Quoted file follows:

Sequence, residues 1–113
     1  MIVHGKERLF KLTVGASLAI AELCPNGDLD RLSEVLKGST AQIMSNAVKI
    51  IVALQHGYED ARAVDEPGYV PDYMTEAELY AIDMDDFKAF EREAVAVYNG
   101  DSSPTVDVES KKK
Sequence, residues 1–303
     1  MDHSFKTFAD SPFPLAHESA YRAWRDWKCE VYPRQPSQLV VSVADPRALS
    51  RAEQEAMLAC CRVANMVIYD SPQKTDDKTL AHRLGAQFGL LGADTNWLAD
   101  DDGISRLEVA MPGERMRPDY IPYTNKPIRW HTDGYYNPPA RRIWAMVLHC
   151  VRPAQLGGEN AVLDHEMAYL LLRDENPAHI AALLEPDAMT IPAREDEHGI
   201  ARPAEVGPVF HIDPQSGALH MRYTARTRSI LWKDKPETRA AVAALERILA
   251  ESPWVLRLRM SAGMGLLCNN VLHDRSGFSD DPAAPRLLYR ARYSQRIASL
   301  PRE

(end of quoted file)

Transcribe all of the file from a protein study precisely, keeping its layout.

Sequence, residues 1–113
     1  MIVHGKERLF KLTVGASLAI AELCPNGDLD RLSEVLKGST AQIMSNAVKI
    51  IVALQHGYED ARAVDEPGYV PDYMTEAELY AIDMDDFKAF EREAVAVYNG
   101  DSSPTVDVES KKK
Sequence, residues 1–303
     1  MDHSFKTFAD SPFPLAHESA YRAWRDWKCE VYPRQPSQLV VSVADPRALS
    51  RAEQEAMLAC CRVANMVIYD SPQKTDDKTL AHRLGAQFGL LGADTNWLAD
   101  DDGISRLEVA MPGERMRPDY IPYTNKPIRW HTDGYYNPPA RRIWAMVLHC
   151  VRPAQLGGEN AVLDHEMAYL LLRDENPAHI AALLEPDAMT IPAREDEHGI
   201  ARPAEVGPVF HIDPQSGALH MRYTARTRSI LWKDKPETRA AVAALERILA
   251  ESPWVLRLRM SAGMGLLCNN VLHDRSGFSD DPAAPRLLYR ARYSQRIASL
   301  PRE